But as new documentary Man in the Camo Jacket reveals, Peters may have needed the healing the band’s music provided more than anyone.
Directed by Russ Kendall, the film not only chronicles the band’s fractured and then resurrected career, it follows Peters through his ongoing 20-year battle with Non-Hodgkin’s Lymphoma. It’s clear that as much as modern medicine has kept his disease at bay, music has played an equal if not greater role. In fact, when he was first diagnosed, instead of starting treatment, the Welsh Peters carried on with a planned U.S. tour.
Throughout the inspiring film, he returns to the road over and over again despite grueling chemotherapy treatments. The film takes its name from the combat fatigues Peters wore as he began his triumphant fight with cancer.
“Music has 100 percent kept me alive,” Peters tells Billboard. “Medicine would have kept me alive in 1995 if I’d had the transplant [which his doctors recommended], but I would have been in isolation for a year, might not have had children, I might not have had the strength or will to reform The Alarm in 2000.”
Peters has taken the same drive he applies to his music and applied it to Love Hope Strength Foundation, an organization founded by Peters and James Chippendale that is devoted to hosting marrow donor drives at concerts and festivals via its Get on the List campaign, as well as raises awareness and funds for cancer treatment. Its efforts, including hosting the world’s highest concert on Mt. Everest, were chronicled in the documentary Everest Rocks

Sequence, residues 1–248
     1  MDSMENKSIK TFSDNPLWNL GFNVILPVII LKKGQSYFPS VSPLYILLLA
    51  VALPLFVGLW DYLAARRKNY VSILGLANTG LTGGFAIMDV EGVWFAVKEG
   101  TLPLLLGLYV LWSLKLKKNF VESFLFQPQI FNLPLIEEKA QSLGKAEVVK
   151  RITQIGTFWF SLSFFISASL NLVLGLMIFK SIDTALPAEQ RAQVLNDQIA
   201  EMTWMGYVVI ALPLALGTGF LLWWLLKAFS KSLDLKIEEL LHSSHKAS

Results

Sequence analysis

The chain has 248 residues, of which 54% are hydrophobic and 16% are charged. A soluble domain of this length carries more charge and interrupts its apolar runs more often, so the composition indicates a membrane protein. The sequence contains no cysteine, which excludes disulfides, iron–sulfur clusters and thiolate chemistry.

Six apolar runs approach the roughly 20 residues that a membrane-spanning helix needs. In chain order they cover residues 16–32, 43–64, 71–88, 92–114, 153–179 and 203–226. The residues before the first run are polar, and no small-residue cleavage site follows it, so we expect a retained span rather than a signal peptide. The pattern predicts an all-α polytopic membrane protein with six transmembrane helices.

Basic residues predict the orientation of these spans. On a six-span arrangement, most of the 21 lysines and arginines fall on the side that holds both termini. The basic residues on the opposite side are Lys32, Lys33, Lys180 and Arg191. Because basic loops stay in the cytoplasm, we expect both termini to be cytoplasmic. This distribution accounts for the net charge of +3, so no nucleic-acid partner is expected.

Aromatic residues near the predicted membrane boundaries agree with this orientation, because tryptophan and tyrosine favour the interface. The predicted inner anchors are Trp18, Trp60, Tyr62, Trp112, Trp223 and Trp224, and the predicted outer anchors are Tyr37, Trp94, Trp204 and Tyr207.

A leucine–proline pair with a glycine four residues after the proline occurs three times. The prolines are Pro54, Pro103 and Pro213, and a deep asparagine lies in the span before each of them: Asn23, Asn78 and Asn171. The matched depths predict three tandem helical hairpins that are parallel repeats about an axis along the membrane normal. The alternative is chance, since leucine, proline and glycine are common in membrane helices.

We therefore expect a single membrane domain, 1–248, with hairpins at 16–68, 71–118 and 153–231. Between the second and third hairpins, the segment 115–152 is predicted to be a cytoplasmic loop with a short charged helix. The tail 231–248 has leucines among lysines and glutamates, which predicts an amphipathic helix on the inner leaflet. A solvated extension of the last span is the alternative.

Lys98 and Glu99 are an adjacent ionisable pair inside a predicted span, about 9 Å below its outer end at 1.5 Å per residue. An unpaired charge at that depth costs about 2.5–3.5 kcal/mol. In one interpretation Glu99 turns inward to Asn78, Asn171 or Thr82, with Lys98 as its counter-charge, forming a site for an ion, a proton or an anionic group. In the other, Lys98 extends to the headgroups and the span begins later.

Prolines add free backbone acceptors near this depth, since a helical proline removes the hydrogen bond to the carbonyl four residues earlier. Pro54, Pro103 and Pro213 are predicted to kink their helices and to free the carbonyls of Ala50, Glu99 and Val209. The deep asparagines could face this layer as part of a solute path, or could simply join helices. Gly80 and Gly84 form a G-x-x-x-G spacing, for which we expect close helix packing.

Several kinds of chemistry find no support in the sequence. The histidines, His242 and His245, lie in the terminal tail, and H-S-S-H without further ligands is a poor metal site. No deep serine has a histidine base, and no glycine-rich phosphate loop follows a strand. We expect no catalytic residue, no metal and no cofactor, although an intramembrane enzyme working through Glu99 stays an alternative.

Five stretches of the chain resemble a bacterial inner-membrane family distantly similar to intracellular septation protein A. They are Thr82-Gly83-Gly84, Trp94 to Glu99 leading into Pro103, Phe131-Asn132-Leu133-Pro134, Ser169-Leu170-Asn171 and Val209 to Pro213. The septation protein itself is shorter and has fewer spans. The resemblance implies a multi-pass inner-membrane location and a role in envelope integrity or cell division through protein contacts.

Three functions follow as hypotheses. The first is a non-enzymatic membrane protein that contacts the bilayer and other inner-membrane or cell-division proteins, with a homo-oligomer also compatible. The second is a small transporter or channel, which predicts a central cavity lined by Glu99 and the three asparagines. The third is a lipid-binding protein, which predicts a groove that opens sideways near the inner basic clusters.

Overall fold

Man in the Camo Jacket was released on VOD and iTunes on July 4 by XLrator Media. The film was produced by Jonathan McHugh and Jonathan Platt of J-2 Films, James Chippendale of Johnny Lama Productions and Alex Coletti.
On July 17, a Washington, D.C. screening will be followed by a performance by Peters at the Gibson Showroom. On Aug. 3, the Grammy Museum in Los Angeles will host a screening, as well as an acoustic performance and Q&A with Peters.
Kendall trailed Peters for eight years, on stage and off. “He wanted to tell the story of The Alarm, as well as my own story and how everything flows into one,” Peters says. “I [knew] everyone who had a part to play was in safe hands and he would tell it with dignity and care and tell it truthfully, warts and all.”
Peters had served as the band’s archivist since he bought a video camera in the early ‘80s and he turned that footage over to Kendall to use as well — even though some of the film was a shade personal. “I forgot I sent him all my home videos that I sent to [my wife] Jules from the road. I wasn’t expecting to see myself in my underwear,” Peters says with a laugh.
Peters had no say over the final edit and, in fact, the first time he saw the finished film was at a public screening. “I thought Russ got a really good handle on it and told it brilliantly,” he says, even though he admits that he wishes some of his behavior had been better.
Specifically, the film shows the 1991 concert when Peters quit The Alarm on stage without telling his bandmates in advance. Amazingly, the band goes right into the next song without missing a beat. “They’d stopped listening to me at that point,” Peter says, as he states what is obvious in hindsight: “We weren’t very good at communicating.”
Music continues to propel Peters. Last Friday (July 7), The Alarm kicked off 13 dates on the Warped tour. The group will cycle on and off the festival throughout the summer while playing 32 headlining dates.
As he promotes the film between gigs, Peters hopes the doc draws fans far beyond the group’s base. “It’s not so much a film for Alarm aficionados. It’s about so much more,” he says. “It’s introducing the whole story of who Mike Peters is. Who is this guy who wears his heart on his sleeve, maybe too much at times.”